Friday, October 11, 2013

Adventures in New Forms of (Legal) Academic Publishing

Mark Tushnet

A couple of weeks ago I attended a (very good) workshop on "The New Religious Institutionalism" at DePaul Law School. For the workshop I wrote a short paper, "Do For-Profit Corporations Have Rights of Religious Conscience?" (For the curious -- I provide no crisp answer, but identify a number of considerations suggesting that large public corporations shouldn't, and that even large privately held ones shouldn't. But, for reasons that will appear in a moment, I'm not providing a link to the paper.)

Papers dealing with this general issue are appearing on SSRN at a rate of about one or two a week, and the issue is going to reach the Supreme Court this Term. My paper was too short for publication in print law reviews, and their timeline for publication is too long anyway. So, what to do?

I revised the paper a bit after the workshop and, just before noon last Tuesday, I sent it electronically to four on-line "companions" to standard law reviews. (My research assistants had identified about 25 such companions, and my paper didn't fit the criteria for the others -- too long, too heavily footnoted, not responding to something in the review's print edition, and the like.) On Tuesday evening I received an exploding offer from the Cornell version -- and props to them for their promptness. After waiting until Wednesday afternoon to see if any of the other three would respond, at around 5 PM on Wednesday I accepted the Cornell offer and withdrew the paper from the other reviews. The paper is scheduled for "publication," if that's the right term, in November.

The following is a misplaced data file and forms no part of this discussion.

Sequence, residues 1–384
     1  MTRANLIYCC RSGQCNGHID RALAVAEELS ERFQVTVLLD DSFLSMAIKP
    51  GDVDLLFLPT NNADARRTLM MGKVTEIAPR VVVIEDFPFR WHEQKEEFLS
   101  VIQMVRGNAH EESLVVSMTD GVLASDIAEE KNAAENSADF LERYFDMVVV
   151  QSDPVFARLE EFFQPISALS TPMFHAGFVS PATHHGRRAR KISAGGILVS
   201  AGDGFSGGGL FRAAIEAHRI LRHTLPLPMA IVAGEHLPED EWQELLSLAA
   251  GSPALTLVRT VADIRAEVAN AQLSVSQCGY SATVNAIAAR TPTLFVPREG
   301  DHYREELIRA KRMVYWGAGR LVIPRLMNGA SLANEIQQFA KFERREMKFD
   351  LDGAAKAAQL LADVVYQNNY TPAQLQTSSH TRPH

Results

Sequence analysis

The on-line law review is an interesting development. (I've published in the online versions at Texas, Iowa, and two of the Harvard journals.) As my story indicates, it offers the possibility of both prompt acceptance and prompt publication/distribution. I do have some questions about the development, though. For example, is publication in an on-line review likely to review more attention -- from one or another audience -- than distribution via SSRN? I have another paper, on the Stolen Valor Act, available only on SSRN (because no standard law review to which I submitted it was interested in publishing it), and citations to it do continue to pop up. Will the Cornell on-line publication get cited? And if so, by whom? And, for junior scholars, how are tenure committees going to deal with publication in on-line companions?

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